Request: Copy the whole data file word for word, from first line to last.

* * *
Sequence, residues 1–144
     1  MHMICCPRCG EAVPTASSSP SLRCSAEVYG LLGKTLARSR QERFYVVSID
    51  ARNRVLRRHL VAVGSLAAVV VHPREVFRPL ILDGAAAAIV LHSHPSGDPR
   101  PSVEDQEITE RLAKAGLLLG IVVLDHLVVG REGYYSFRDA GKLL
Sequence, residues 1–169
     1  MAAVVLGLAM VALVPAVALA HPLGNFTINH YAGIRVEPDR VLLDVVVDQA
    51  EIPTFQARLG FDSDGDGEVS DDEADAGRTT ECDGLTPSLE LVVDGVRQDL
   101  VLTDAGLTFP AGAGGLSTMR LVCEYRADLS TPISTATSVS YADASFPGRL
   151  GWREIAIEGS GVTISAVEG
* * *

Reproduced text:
Sequence, residues 1–144
     1  MHMICCPRCG EAVPTASSSP SLRCSAEVYG LLGKTLARSR QERFYVVSID
    51  ARNRVLRRHL VAVGSLAAVV VHPREVFRPL ILDGAAAAIV LHSHPSGDPR
   101  PSVEDQEITE RLAKAGLLLG IVVLDHLVVG REGYYSFRDA GKLL
Sequence, residues 1–169
     1  MAAVVLGLAM VALVPAVALA HPLGNFTINH YAGIRVEPDR VLLDVVVDQA
    51  EIPTFQARLG FDSDGDGEVS DDEADAGRTT ECDGLTPSLE LVVDGVRQDL
   101  VLTDAGLTFP AGAGGLSTMR LVCEYRADLS TPISTATSVS YADASFPGRL
   151  GWREIAIEGS GVTISAVEG